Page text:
History and Fashion

blog_fashionStudents are weaving fashion and history together in a unique project involving the Fashion Merchandising and Retail Marketing program at Johnson & Wales University’s Denver campus and the History Colorado education department’s fashion collection. Working with historic garments from the 1860s to the 1950s—including menswear, children’s clothes, and Colorado First Ladies’ dresses—students will write two-part blogs about a select garment, recording its time period, elements specific to its era, its wearers, when it would be worn, and other interesting information. Students will write research papers about how their garment influenced styles of the last fifty years and how it translates to the twenty-first century.  They’ll also include the silhouette, fiber and color, fabrication details, and the garment’s symbolism. The project’s goal is to have the students identify and analyze the psychological, social, aesthetic, economic, technological, religious, and geographic factors that influence dress. Continue reading “History and Fashion”

Spring Break Workshops Offer Out-of-the-Ordinary Fun

Looking for something out of the ordinary to do with your childreninterior_workshops when they’re out of school for spring break? The History Colorado Center has cooked up a number of great parent/child workshops to help stave off cabin fever. Each program is repeated the following week, so that all Denver-area school district’s spring breaks are accommodated. Continue reading “Spring Break Workshops Offer Out-of-the-Ordinary Fun”

Straight from the Curator’s Kitchen

It’s that time of year again. Time to dust off those favorite holidayeggnog recipes—the ones you only make once a year.  Maybe it’s Grandma Ferguson’s sticky buns or Great Aunt Ethel’s sugar cookies.  But maybe you’re the type to seek out a new recipe every year.  I fall somewhere in the middle.  I have some personal family favorites passed down through generations but I’m always looking for new recipes.  As luck would have it, I recently came across an eggnog recipe in History Colorado’s collection (Photo: Eva Dennis’s cookbook, R.25.2009). Continue reading “Straight from the Curator’s Kitchen”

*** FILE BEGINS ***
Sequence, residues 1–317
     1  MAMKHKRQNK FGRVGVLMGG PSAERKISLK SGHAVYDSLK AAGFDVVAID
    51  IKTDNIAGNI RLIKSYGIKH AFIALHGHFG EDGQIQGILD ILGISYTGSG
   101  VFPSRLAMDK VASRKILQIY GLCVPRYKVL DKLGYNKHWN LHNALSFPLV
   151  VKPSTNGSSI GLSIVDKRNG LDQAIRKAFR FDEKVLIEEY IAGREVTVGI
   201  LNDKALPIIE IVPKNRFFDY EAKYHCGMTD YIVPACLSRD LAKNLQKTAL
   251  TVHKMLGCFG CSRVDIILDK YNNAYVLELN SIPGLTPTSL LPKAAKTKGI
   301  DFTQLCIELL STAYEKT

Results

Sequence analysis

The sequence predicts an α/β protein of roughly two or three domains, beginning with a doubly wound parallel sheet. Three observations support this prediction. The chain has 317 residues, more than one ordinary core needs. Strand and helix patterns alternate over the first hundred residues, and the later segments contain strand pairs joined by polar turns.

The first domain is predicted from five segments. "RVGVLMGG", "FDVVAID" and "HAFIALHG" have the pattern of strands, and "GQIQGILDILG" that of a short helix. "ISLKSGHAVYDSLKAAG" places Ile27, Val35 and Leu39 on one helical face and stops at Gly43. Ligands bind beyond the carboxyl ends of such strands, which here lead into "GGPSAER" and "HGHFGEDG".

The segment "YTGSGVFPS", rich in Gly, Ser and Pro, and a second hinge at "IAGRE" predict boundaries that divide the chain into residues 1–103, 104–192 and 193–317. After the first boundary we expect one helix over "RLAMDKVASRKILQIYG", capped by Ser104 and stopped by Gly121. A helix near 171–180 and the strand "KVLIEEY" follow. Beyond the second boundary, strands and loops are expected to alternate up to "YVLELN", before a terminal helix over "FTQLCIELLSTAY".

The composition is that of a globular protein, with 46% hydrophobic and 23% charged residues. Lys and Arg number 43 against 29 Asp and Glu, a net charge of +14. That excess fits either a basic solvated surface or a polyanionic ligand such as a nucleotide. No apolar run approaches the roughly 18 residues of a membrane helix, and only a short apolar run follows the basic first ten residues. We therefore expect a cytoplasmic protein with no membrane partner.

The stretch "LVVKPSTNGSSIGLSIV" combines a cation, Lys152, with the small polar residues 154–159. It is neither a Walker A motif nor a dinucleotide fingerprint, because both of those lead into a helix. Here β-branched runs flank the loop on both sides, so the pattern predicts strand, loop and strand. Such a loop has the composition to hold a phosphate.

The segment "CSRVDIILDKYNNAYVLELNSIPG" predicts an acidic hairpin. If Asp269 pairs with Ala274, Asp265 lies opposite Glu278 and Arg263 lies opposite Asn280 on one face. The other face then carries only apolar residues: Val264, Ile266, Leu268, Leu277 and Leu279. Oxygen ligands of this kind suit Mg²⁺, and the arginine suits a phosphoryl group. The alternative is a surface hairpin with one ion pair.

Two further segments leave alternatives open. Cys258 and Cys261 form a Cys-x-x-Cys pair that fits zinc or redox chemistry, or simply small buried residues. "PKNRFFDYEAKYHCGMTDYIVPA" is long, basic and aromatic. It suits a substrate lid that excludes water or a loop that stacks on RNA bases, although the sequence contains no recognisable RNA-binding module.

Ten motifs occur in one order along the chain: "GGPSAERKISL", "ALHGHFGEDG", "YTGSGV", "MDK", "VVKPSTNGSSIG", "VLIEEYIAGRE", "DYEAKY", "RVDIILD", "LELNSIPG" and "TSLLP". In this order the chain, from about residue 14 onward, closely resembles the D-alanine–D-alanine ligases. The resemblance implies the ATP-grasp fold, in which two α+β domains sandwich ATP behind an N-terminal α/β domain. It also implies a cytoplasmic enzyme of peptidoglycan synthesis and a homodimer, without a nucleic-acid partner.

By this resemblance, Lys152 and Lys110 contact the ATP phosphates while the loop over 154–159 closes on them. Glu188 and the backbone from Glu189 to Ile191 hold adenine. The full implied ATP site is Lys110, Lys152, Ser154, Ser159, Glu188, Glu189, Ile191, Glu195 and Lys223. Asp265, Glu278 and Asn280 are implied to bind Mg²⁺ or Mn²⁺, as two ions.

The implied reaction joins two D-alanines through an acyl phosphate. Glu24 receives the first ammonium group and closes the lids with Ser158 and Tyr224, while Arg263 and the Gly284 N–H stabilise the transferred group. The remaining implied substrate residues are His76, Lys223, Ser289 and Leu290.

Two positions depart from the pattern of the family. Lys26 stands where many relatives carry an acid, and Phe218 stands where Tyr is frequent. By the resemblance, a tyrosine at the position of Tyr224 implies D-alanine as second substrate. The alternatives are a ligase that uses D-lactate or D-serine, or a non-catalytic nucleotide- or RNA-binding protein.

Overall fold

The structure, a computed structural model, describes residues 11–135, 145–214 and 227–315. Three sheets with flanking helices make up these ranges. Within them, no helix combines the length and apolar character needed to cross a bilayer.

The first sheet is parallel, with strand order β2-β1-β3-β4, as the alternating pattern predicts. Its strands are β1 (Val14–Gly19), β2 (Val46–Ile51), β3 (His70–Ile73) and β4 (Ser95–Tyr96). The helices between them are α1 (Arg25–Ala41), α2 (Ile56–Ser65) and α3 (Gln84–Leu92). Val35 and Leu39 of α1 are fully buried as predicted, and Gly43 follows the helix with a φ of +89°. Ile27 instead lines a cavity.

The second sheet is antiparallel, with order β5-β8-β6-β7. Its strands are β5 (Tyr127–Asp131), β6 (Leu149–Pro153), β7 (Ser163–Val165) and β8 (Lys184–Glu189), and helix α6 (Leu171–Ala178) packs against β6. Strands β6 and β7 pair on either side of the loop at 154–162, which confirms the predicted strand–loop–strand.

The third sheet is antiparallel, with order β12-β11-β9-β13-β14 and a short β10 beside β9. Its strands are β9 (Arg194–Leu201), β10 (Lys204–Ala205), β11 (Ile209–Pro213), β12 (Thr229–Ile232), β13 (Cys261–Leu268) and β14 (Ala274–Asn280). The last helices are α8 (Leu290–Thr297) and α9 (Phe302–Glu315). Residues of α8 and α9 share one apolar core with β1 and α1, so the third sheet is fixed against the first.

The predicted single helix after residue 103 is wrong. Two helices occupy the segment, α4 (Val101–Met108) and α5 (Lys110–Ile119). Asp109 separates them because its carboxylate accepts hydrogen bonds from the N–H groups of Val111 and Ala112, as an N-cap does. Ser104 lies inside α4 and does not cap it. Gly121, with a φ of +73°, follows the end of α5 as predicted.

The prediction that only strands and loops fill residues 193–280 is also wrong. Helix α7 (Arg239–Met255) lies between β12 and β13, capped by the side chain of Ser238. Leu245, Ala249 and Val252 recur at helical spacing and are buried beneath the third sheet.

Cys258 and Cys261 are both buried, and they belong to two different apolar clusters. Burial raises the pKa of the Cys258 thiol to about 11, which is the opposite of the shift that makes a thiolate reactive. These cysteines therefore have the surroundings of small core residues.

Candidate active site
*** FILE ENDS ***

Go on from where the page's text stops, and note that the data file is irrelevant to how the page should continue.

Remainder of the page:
Artifact Conservation for Living West

Leading up to the November opening of Living West, collections and curatorial staff made sure manyIMG_1631_greenfield of History Colorado’s most treasured artifacts were ready for display. Several pieces from our world-class Mesa Verde collection are now on view, including ceramics and basketry that are more than 500 years old. Artifacts may require repairs, cleaning, or other treatments to be safe and look their best for exhibit, so checking item conditions is a crucial part of the process. We must also compare conditions before and after the exhibit to make sure items are not harmed as a result of being on display. Continue reading “Artifact Conservation for Living West”

Your Own Cabinet of Curiosities

Museums originated as cabinets of curiosities—rooms packed floorMesa-Verde-artifacts-for-Living-West_0 to ceiling with all manner of exotic, rare, and old objects. Their stewards arranged, categorized, tagged, and displayed these collections for a single purpose: to inspire wonder. While museums have evolved dramatically from their avocational beginnings in parlors of the elite, their mission remains constant. They inspire visitors to find wonder and meaning in their world, to ask questions, to make connections. History Colorado shares that commitment. Continue reading “Your Own Cabinet of Curiosities”